Original article

Scand J Work Environ Health 2005;31(3):205-211    pdf

doi:10.5271/sjweh.870

Registry-based case–control studies of liver cancer and cancers of the biliary tract nested in a cohort of autoworkers exposed to metalworking fluids

by Bardin JA, Gore RJ, Wegman DH, Kriebel D, Woskie SR, Eisen EA

Objective Results are presented for a registry-based study of hepatobiliary cancer (liver and biliary tract) nested in a cohort of workers from three automobile manufacturing plants with potential exposure to metalworking fluids.

Methods Altogether 63 cases of hepatobiliary cancer were identified from the cohort by the Michigan cancer registries. Each case was matched to 10 controls. Odds ratios (OR) were estimated in conditional logistic regression models for lifetime exposure to straight, soluble, and synthetic metalworking fluid and fluid components.

Results Overall, hepatobiliary cancer was not associated with exposure to metalworking fluids. However, when the cases were stratified into liver cancer (N=39) and biliary tract cancer (N=24) the risk was nonhomogeneous across the two categories. While liver cancer was not associated with exposure to metalworking fluids, the results suggested a possible excess risk of biliary tract cancer with more than 1.0 mg/m3-years of exposure to straight metalworking fluids [OR 2.7, 95% confidence interval (95% CI) 0.9–7.6], as well as any exposure to chlorinated paraffins (OR 3.9, 95% CI 0.9–17). When exposures to straight metalworking fluids were separated into 10-year exposure periods, the odds ratio increased to 6.24 (95% CI 1.62–24.16) for exposures occurring >20 years prior to the risk date.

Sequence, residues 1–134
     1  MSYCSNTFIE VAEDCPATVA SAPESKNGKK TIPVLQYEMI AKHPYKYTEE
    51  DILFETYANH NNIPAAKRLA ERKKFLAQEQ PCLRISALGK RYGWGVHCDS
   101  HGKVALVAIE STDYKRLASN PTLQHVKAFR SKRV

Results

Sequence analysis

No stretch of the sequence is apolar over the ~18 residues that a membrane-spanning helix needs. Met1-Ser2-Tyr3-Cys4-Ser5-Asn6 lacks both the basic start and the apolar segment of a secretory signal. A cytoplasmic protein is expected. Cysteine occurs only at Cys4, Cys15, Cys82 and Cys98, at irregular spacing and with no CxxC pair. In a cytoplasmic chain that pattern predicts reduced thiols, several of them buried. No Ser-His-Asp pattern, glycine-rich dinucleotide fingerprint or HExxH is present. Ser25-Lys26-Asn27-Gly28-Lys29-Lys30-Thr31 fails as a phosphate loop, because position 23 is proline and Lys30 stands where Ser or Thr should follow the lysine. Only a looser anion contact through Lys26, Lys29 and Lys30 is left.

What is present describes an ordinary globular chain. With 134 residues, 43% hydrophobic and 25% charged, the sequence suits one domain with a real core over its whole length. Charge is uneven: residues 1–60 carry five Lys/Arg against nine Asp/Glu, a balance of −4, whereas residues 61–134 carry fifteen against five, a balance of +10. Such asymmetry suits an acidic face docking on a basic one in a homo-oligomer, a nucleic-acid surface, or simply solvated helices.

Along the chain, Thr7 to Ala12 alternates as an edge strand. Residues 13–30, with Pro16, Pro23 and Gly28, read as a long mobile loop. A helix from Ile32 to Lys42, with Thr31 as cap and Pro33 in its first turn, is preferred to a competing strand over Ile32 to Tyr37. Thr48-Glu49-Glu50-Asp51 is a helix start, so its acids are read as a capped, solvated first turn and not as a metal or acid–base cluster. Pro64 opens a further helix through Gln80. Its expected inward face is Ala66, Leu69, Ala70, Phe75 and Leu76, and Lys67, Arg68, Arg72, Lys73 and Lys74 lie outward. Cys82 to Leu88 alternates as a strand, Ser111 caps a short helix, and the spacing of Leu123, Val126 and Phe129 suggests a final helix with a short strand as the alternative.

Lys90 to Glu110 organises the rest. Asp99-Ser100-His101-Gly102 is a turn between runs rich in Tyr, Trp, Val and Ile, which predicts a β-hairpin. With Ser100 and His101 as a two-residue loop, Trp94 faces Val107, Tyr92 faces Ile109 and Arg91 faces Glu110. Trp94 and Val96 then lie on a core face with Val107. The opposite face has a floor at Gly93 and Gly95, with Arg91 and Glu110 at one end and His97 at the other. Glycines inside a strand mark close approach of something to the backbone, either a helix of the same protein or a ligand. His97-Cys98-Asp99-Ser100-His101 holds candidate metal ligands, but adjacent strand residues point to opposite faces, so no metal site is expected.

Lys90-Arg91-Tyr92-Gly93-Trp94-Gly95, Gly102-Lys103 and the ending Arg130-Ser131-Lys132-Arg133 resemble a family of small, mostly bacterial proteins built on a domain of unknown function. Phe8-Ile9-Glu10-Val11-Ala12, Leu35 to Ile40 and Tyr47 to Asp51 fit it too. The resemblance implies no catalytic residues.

Conclusions There is limited evidence that exposure to straight metalworking fluids is associated with biliary tract cancer. The small numbers of cases of these rare cancers were reflected in the wide confidence intervals, and these findings need to be examined further in other exposed populations.